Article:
Mr Robinson says renewables are too expensive, I agree. If it wasn’t for the one trillion dollars of annual public subsidies awarded to the fossil fuel industries and permissive legislation that allows continued access to relatively cheap fossil fuels, renewable technology would be affordable to most of us.

It was great to hear Rod Drury this week talking about how his software company may soon overtake Fonterra as New Zealand’s largest business. IT entrepreneurs are keen to move to Gisborne for the lifestyle and environment it currently offers. Some locals have been in contact with a biochemicals company in California that has huge potential and is interested in establishing a demonstration plant on the East Coast. These seem like far more sensible opportunities for our community to encourage than the dirty business of oil.

What is the Purpose of Local Government?

The Local Government Act Amendment Bill has had its first reading in Parliament. One of the key parts of the bill is redefining the reason local government exists. Should councils be focused on priorities that local people agree on, or should they be just another branch of central government?

The basis of the proposed changes seems largely ideological rather than driven by a particular problem. Council debt, losses on tourist initiatives and rates rises above the rate of inflation have been the subject of regular media releases from central government. A very small number of councils have made mistakes and local government is partly responsible for the traction these stories get in the news. We’re not always great at helping the public understand the balancing act between local expectations, affordability and the existing regulatory frameworks council has to operate within.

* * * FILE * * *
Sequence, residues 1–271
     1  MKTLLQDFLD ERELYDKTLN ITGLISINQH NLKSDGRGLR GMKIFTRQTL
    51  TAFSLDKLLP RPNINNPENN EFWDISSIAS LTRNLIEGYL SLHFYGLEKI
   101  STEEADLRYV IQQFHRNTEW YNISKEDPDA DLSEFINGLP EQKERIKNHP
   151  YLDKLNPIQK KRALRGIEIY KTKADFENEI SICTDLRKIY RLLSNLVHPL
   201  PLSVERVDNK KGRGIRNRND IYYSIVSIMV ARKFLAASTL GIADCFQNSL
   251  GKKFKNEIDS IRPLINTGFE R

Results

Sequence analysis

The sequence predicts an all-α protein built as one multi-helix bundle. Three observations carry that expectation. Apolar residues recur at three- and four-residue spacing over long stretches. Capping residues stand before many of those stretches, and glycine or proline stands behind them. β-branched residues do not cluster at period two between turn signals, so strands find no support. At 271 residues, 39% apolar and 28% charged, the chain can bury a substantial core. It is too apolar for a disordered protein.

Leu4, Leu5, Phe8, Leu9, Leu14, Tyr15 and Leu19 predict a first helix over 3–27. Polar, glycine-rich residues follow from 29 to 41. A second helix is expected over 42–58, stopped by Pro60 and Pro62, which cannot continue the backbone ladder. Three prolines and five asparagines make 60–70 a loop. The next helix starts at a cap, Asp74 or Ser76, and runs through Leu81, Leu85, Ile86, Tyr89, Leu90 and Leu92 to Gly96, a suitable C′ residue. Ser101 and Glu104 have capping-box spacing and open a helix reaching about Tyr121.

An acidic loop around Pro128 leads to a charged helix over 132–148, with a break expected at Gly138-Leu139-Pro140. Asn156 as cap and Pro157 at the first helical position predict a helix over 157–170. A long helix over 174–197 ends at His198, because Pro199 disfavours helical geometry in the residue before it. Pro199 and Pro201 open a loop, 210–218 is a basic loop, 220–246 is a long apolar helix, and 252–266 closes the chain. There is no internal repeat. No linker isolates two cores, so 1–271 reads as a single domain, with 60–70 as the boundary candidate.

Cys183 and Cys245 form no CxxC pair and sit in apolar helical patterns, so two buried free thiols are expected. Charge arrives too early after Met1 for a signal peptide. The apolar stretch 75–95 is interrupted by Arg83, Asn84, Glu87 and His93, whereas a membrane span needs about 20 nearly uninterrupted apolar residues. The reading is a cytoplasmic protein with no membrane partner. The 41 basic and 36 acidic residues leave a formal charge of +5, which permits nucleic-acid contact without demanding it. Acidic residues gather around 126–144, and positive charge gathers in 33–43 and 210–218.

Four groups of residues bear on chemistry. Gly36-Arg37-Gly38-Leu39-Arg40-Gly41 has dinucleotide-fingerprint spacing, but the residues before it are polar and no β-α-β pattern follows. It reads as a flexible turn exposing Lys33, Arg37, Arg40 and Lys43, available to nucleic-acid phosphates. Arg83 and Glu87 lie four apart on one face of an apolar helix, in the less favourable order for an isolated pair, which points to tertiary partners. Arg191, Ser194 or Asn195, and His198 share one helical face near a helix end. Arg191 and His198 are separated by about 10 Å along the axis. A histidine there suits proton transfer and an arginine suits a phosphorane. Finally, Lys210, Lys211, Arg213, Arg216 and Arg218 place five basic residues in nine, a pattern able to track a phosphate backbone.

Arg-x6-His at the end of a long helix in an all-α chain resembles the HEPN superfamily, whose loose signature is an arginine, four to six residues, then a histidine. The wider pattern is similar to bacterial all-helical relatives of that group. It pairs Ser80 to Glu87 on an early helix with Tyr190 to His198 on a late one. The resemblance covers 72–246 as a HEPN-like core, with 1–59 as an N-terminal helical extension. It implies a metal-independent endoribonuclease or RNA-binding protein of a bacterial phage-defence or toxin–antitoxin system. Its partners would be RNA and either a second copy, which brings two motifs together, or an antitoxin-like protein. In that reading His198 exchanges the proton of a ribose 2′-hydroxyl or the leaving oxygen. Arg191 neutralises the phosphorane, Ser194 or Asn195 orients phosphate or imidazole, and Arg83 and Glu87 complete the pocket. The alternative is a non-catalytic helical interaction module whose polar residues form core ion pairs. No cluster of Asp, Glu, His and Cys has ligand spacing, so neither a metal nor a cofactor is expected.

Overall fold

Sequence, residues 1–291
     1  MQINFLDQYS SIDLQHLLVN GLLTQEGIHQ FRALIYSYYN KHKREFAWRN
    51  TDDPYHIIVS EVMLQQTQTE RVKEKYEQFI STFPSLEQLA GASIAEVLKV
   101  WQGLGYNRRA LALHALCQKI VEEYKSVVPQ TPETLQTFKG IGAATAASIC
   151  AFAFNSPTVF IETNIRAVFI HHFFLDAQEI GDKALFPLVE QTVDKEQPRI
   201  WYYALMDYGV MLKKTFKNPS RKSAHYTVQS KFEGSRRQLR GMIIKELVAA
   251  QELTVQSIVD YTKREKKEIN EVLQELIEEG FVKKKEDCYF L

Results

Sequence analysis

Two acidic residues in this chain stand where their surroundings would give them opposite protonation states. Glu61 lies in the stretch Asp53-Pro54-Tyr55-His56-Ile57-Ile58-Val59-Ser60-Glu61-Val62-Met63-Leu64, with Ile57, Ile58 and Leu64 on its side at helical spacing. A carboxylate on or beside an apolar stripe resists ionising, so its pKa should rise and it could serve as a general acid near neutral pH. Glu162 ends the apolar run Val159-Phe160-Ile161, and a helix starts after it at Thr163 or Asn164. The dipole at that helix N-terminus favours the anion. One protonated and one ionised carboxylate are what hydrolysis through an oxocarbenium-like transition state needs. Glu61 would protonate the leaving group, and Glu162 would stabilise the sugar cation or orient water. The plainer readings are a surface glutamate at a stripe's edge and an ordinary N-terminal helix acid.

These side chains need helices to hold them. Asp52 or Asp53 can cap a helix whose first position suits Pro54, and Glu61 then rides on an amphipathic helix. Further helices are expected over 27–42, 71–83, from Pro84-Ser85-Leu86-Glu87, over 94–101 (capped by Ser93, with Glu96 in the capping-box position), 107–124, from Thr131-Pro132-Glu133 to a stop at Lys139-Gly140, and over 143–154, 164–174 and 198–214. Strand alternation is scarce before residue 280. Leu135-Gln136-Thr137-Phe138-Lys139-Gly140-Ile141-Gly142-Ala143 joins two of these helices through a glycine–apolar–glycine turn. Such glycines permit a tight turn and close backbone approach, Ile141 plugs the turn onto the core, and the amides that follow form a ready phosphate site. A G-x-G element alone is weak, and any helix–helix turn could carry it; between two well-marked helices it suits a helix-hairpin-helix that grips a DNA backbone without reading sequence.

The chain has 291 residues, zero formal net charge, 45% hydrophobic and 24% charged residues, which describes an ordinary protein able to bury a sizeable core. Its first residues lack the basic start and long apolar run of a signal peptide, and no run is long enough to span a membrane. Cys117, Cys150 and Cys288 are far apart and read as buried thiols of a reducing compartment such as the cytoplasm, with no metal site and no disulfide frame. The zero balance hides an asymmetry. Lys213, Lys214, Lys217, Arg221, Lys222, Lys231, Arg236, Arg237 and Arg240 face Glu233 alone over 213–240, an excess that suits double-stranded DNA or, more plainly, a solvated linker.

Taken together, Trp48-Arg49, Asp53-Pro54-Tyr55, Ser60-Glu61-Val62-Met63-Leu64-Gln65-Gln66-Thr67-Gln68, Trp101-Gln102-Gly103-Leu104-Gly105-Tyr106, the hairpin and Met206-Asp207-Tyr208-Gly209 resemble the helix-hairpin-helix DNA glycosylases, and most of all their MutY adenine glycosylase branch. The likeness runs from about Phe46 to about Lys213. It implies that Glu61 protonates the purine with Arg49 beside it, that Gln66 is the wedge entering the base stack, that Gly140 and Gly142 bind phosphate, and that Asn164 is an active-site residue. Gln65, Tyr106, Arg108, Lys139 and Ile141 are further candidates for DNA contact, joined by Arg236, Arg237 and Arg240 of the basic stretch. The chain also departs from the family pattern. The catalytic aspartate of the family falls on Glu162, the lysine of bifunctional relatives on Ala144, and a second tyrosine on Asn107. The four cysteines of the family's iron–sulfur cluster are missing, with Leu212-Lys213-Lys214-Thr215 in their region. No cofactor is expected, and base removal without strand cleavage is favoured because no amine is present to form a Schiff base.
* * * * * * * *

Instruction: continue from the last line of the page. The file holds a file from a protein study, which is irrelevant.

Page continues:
Most councils seem to share concerns about the lack of evidence upon which the draft legislation is based and about the implications of working under legislation that hasn’t been well thought out. Similar reservation were expressed by the officials who submitted a statement along with the draft legislation and said they could find no evidence to support most of content of the bill. This lack of confidence was reinforced this week in the unanimous rejection of the proposed change of purpose at a meeting of all local government authorities.

Three separate public inquiries have concluded that the sector has not significantly expanded the scope of its activities since 2002. When pushed, the Prime Minister would not exclude things like social housing, swimming pools, libraries or tourism promotion from falling within the proposed new purposes. So the general feeling is that the current purpose is fine – the uncertainty created in the proposed new purposes would open up a can of worms in terms of legal challenges and that there was no problem that will be solved with the proposed change.

As has been suggested locally, I would be open to a social housing trust taking over Council housing if it had the experience and could prove it could do as good or better job than Gisborne District Council currently does as a landlord. Such a move would need to ensure the housing is provided to those who most need it, particularly as central government is similarly messing with the provision of social housing and has been criticized by its own Productivity Commission for having no clear plan or rationale for the changes.

I don’t think we should hold on to purely commercial assets if they aren’t consistently providing a return on investment better than what we’d get if we used the capital to pay off debt and reduce interest payments. As far as I can tell, the first asset to divest the Council of should be the farms. I struggle to understand why some people believe Council must maintain ownership of the farms while we pay millions in interest on debt. How ‘pragmatic’ is that?

The reality is the proposed change of purpose would not result in Council stopping anything it currently does, but it would give more fuel to fire of the ideologues who argue local government should take no interest in the wellbeing of our communities beyond roads and rubbish. A change of purpose would waste staff time defending the participatory planning processes that result in more enduring decisions than if we think councillors or staff know best. I also suspect it would undermine opportunities for Council, as the one fully democratically elected local entity, to have some influence on how our taxes and rates are spent to help meet the needs and aspirations of our communities.